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15-43 149th Street
Whitestone, NY 11357


The First Presbyterian Church of Whitestone has been at work in northeast Queens since 1871, seeking to proclaim God’s Word and live out God’s justice and peace in our lives and our community. We welcome all to join us for worship, fellowship, learning, and service in our small but vibrant community of faith.


A Strange Celebration

Andy James

a sermon on Mark 1:9-15

What do you do after a marquee moment in life? How do you celebrate a major accomplishment before moving on to what is next? Athletes and others used to proclaim that they would be going to Disney World, but what do you do?

Our reading from Mark today tells us about one of Jesus’ most incredible moments, after all, so I wonder a bit about what we think he might best do next to celebrate. When he went out to the Jordan to be baptized by John, he knew that he would submit to John’s baptism for the repentance of sins, but he didn’t necessarily know that he would hear the voice of God speaking to him so loudly and boldly, declaring from heaven, “You are my Son, the Beloved; with you I am well pleased.”

So after this marquee moment, what did Jesus do? As Mark tells it, “the Spirit immediately drove him out into the wilderness… for forty days.” That was quite a strange celebration! Mark doesn’t tell us all that much more about these forty days for Jesus. Matthew and Luke, the two gospels who built their own accounts of Jesus’ life, ministry, and death on Mark’s telling of the story, both go into great detail about these forty days, explaining very carefully the particular temptations that Jesus faced and sharing his responses to them with us. But Mark simply tells us that after his baptism and the words of affirmation from heaven, Jesus was “tempted by Satan; and he was with the wild beasts; and the angels waited on him” before he emerged from the wilderness to begin his ministry and proclaim his message in Galilee.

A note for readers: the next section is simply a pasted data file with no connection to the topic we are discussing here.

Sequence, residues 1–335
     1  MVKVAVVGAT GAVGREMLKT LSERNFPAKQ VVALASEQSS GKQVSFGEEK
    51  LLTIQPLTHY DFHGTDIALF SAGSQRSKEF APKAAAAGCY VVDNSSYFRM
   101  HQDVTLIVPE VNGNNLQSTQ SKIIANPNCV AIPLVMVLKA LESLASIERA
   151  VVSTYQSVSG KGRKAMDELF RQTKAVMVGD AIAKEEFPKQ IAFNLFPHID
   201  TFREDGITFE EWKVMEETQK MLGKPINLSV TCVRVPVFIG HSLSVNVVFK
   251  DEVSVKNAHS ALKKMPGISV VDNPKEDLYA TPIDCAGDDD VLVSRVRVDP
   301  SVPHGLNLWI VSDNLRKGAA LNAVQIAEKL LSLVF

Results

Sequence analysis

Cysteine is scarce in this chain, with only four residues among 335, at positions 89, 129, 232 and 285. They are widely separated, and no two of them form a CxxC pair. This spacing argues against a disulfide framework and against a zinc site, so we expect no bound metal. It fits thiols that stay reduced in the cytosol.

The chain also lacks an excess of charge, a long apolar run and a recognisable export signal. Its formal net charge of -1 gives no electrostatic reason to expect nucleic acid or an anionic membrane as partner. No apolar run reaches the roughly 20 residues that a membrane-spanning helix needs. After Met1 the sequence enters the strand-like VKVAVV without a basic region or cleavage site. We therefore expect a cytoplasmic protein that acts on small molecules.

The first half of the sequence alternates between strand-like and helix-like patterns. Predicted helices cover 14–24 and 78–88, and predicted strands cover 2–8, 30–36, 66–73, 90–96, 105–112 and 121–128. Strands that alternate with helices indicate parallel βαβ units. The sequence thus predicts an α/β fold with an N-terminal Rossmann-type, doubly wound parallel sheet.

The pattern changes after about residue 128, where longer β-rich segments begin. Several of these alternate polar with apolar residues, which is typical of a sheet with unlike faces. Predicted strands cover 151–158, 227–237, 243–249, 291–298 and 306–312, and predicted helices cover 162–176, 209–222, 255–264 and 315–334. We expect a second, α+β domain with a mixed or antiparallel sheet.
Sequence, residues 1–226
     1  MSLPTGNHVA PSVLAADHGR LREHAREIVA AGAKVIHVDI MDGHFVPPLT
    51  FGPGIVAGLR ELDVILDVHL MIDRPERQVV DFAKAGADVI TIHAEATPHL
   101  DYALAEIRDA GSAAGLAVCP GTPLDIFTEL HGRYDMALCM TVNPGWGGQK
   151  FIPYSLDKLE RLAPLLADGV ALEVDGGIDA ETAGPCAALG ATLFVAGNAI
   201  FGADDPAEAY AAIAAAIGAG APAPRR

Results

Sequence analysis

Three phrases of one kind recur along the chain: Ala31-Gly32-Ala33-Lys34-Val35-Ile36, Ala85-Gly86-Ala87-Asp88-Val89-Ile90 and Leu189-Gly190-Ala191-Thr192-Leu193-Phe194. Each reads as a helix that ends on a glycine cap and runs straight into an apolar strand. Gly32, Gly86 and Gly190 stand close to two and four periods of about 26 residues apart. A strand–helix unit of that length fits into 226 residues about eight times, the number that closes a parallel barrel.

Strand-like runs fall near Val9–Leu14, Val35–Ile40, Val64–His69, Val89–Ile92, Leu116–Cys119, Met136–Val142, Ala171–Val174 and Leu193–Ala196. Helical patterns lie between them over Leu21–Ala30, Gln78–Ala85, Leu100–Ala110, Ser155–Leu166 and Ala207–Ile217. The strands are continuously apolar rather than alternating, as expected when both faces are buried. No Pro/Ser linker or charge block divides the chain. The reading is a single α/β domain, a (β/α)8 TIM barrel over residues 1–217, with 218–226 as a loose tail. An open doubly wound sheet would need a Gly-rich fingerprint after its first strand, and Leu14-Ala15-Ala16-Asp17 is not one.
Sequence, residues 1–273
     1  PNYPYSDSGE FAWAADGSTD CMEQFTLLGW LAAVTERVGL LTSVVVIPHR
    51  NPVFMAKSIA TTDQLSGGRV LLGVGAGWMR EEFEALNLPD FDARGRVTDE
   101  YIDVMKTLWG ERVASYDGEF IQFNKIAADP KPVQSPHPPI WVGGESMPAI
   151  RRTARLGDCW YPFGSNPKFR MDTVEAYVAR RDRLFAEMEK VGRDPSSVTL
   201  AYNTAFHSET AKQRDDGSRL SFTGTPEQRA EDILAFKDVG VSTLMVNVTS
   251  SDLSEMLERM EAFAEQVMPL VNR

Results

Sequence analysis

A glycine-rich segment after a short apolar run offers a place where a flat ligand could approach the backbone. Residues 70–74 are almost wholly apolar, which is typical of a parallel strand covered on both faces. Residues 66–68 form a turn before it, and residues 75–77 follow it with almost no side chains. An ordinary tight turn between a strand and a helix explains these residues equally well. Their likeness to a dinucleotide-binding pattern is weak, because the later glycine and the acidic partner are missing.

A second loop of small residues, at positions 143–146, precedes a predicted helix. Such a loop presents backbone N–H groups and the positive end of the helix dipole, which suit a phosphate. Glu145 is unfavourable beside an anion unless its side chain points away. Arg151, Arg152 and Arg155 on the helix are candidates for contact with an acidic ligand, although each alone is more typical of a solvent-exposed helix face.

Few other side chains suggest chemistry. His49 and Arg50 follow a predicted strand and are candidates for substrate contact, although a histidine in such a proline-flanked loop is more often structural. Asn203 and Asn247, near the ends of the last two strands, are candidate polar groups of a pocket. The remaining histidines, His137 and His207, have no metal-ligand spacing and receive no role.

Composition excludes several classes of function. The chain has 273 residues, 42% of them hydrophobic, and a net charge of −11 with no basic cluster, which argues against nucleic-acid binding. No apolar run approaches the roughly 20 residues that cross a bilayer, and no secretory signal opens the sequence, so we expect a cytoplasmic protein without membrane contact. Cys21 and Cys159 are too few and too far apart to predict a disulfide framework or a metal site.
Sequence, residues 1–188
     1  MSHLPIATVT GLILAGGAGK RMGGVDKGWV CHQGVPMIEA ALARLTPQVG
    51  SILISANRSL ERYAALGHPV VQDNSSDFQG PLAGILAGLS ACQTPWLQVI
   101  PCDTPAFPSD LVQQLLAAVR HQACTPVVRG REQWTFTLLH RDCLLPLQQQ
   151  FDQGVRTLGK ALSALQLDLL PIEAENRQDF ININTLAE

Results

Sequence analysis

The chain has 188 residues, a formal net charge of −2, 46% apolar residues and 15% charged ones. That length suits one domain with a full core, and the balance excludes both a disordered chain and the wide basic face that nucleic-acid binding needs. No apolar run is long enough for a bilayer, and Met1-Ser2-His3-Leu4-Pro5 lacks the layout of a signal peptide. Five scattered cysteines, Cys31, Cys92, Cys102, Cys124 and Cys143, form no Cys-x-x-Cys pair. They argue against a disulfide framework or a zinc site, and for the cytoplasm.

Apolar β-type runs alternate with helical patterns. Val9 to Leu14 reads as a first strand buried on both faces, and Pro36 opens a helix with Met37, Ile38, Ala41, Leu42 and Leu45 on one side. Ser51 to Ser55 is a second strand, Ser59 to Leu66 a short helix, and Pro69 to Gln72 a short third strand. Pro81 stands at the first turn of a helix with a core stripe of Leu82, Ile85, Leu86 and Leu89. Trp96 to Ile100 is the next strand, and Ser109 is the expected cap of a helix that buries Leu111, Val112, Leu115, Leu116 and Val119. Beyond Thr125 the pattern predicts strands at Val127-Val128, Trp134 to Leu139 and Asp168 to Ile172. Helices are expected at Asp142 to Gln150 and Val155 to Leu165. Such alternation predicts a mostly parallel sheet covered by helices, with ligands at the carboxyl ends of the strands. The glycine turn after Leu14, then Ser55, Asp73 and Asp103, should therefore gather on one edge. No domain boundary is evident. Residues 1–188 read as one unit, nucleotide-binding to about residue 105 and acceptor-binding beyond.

For Mark, this time in the wilderness matters less for the specific temptations that Jesus faced and more for the ways in which these forty days enabled him to explore and understand his call to ministry. This is the beginning of everything we know about Jesus from Mark, after all—there’s no virgin birth, angel visitations, or boyhood antics described here—and everything that follows from this for Jesus in Mark builds on this time of temptation and exploration in the wilderness.

When he emerges from the wilderness, Jesus is definitely not the same as he was when he went in. Mark tells us that after his forty days in the wilderness, Jesus set out to Galilee to proclaim the good news of God:

The time is fulfilled, and the kingdom of God has come near; repent, and believe in the good news.

Jesus is a changed man after his sojourn in the wilderness with Satan, the wild beasts, and the angels. This man who approached John without reservation to receive a baptism of repentance for the forgiveness of sins now has a message of repentance of his own to share that cleanses the heart, not just the body. This man who entered the waters of the Jordan as something of a blank slate emerges from his time in the wilderness insisting that there is something more to his life than what there was before. This beloved son came to understand his status and his calling in a new way after these forty days and so set out to proclaim and live a new message that called all people to trust that God’s kingdom was coming into being in the world and that all things would be made new once and for all.

For centuries, Christians have used this story of Jesus’ forty days in the wilderness as the basis for a time of penitence and preparation for Easter. The emphasis for this season of Lent has traditionally been on giving something up—on building up spiritual strength to overcome the temptations of everyday life, on fasting from food or other earthly things as a way of embodying in our physical bodies the sort of spiritual change that we desire in these days, on setting aside things that we can control that impede our spiritual growth. But when I look carefully at Mark’s version of this story, the tradition of giving something up for Lent doesn’t seem all that connected to Jesus’ forty days in the wilderness. We hear so little here about the temptations that he faces that we can’t build a season of practice around them. And the wilderness mentioned in Mark doesn’t look very much like our world.